A health worker administers a COVID-19 vaccine shot to a local resident in Los Angeles, the United States, on Dec. 17, 2022. (Xinhua)
"While we cannot attribute causality, it is supportive evidence that vaccination may have beneficial effects on a variety of post-COVID-19 complications," a researcher said.
LOS ANGELES, Feb. 20 (Xinhua) -- New research suggests that vaccination against COVID-19 is associated with fewer heart attacks, strokes, and other cardiovascular issues among people who were infected with SARS-CoV-2, the virus that causes COVID-19.
The study, published Monday in the Journal of the American College of Cardiology, is the first to examine both full and partial vaccination and the link to major adverse cardiac events (MACE) in the United States.
Researchers from the Icahn School of Medicine at Mount Sinai used the U.S. National COVID Cohort Collaborative database. The study included 1,934,294 patients, 217,843 of whom received mRNA vaccine formulations by Pfizer-BioNTech or Moderna or viral vector technology by Johnson & Johnson.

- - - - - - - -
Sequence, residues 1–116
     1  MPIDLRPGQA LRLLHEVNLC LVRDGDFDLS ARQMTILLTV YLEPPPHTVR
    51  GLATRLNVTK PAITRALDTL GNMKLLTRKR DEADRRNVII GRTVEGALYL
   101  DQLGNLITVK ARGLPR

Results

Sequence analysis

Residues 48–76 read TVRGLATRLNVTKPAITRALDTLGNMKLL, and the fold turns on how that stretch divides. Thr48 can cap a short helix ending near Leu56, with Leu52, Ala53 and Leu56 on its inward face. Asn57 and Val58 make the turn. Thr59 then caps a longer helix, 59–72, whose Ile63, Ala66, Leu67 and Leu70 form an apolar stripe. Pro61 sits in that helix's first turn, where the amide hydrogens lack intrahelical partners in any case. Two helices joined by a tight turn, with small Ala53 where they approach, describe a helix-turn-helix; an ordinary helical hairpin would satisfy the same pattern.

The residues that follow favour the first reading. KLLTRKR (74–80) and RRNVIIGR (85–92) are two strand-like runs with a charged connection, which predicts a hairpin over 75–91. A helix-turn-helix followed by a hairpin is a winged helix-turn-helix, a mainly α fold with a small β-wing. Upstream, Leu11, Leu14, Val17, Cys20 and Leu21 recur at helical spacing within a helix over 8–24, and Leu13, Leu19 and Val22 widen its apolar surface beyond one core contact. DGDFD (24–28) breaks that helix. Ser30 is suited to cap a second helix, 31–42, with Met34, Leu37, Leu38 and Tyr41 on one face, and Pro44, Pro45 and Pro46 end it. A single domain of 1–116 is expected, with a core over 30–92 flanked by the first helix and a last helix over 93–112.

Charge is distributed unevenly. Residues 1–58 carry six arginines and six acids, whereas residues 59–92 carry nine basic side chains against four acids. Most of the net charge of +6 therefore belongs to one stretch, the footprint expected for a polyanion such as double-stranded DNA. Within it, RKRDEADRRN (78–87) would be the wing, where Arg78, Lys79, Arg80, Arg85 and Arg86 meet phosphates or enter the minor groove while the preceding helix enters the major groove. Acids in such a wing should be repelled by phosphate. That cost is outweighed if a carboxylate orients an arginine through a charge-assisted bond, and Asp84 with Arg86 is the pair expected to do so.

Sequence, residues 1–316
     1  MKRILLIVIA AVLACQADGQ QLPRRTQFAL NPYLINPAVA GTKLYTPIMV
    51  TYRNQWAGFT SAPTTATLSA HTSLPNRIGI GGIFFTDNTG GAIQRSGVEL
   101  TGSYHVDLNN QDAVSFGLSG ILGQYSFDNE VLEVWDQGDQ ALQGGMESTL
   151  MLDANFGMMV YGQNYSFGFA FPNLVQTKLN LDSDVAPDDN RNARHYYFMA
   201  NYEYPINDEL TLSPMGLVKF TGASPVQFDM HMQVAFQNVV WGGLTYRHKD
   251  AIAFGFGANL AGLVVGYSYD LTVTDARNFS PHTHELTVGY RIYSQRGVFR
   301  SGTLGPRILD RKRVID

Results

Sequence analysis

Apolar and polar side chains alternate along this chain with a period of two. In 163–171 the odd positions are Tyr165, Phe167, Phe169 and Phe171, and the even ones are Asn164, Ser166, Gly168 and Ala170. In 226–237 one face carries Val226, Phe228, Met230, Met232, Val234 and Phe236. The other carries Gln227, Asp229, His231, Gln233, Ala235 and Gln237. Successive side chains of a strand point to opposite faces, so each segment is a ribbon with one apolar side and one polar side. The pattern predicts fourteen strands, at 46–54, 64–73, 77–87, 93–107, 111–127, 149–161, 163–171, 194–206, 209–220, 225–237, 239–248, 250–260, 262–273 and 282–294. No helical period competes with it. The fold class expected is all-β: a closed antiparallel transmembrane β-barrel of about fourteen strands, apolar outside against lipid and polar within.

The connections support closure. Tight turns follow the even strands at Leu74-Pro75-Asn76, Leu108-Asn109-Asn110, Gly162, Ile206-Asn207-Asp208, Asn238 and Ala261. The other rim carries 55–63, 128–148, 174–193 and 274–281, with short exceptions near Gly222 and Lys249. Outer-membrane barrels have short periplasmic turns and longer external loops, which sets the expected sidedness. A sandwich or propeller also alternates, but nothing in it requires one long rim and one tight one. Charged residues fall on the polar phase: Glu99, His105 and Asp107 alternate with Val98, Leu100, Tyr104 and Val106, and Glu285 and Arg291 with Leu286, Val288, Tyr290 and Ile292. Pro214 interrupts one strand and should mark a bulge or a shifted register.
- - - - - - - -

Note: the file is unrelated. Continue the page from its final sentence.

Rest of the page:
"We sought to clarify the impact of previous vaccination on cardiovascular events among people who develop COVID-19 and found that, particularly among those with comorbidities, such as previous MACE, type 2 diabetes, high cholesterol, liver disease, and obesity, there is an association with a lower risk of complications," said senior author Girish N. Nadkarni, professor of medicine at the Icahn School of Medicine at Mount Sinai.
"While we cannot attribute causality, it is supportive evidence that vaccination may have beneficial effects on a variety of post-COVID-19 complications," he said. ■